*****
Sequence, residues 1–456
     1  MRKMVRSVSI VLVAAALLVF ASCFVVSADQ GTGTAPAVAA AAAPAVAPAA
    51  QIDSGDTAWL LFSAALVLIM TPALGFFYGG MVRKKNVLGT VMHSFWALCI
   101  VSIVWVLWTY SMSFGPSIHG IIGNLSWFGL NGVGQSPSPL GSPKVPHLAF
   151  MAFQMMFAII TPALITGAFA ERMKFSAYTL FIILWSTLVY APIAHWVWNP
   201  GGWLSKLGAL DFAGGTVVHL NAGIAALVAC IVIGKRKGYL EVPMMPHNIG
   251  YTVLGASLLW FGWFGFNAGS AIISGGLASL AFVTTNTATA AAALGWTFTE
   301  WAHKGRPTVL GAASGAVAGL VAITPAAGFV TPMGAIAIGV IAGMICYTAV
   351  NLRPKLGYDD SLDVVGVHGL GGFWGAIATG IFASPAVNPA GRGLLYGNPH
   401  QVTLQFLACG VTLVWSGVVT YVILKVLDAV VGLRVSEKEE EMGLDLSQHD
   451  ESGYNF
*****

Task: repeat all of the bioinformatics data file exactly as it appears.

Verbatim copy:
Sequence, residues 1–456
     1  MRKMVRSVSI VLVAAALLVF ASCFVVSADQ GTGTAPAVAA AAAPAVAPAA
    51  QIDSGDTAWL LFSAALVLIM TPALGFFYGG MVRKKNVLGT VMHSFWALCI
   101  VSIVWVLWTY SMSFGPSIHG IIGNLSWFGL NGVGQSPSPL GSPKVPHLAF
   151  MAFQMMFAII TPALITGAFA ERMKFSAYTL FIILWSTLVY APIAHWVWNP
   201  GGWLSKLGAL DFAGGTVVHL NAGIAALVAC IVIGKRKGYL EVPMMPHNIG
   251  YTVLGASLLW FGWFGFNAGS AIISGGLASL AFVTTNTATA AAALGWTFTE
   301  WAHKGRPTVL GAASGAVAGL VAITPAAGFV TPMGAIAIGV IAGMICYTAV
   351  NLRPKLGYDD SLDVVGVHGL GGFWGAIATG IFASPAVNPA GRGLLYGNPH
   401  QVTLQFLACG VTLVWSGVVT YVILKVLDAV VGLRVSEKEE EMGLDLSQHD
   451  ESGYNF